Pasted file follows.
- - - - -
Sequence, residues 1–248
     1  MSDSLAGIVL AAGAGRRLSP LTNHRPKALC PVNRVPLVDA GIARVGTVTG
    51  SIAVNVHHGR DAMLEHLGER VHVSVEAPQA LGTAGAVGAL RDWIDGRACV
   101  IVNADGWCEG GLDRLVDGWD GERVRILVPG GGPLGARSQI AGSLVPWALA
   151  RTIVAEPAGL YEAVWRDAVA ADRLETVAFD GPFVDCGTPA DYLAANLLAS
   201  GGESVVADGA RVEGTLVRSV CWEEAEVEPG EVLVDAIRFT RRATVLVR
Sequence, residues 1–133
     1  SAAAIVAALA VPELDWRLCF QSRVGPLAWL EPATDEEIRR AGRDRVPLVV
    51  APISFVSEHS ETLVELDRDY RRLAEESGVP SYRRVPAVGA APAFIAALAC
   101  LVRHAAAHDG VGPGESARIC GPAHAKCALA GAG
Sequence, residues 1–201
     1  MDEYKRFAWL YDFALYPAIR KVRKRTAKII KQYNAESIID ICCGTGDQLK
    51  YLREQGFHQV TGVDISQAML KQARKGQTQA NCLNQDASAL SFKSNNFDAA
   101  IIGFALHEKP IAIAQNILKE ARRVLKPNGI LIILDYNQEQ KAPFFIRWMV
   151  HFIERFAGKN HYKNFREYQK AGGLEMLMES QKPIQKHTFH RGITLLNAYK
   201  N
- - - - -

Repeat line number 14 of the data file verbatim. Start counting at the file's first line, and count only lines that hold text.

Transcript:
   101  IIGFALHEKP IAIAQNILKE ARRVLKPNGI LIILDYNQEQ KAPFFIRWMV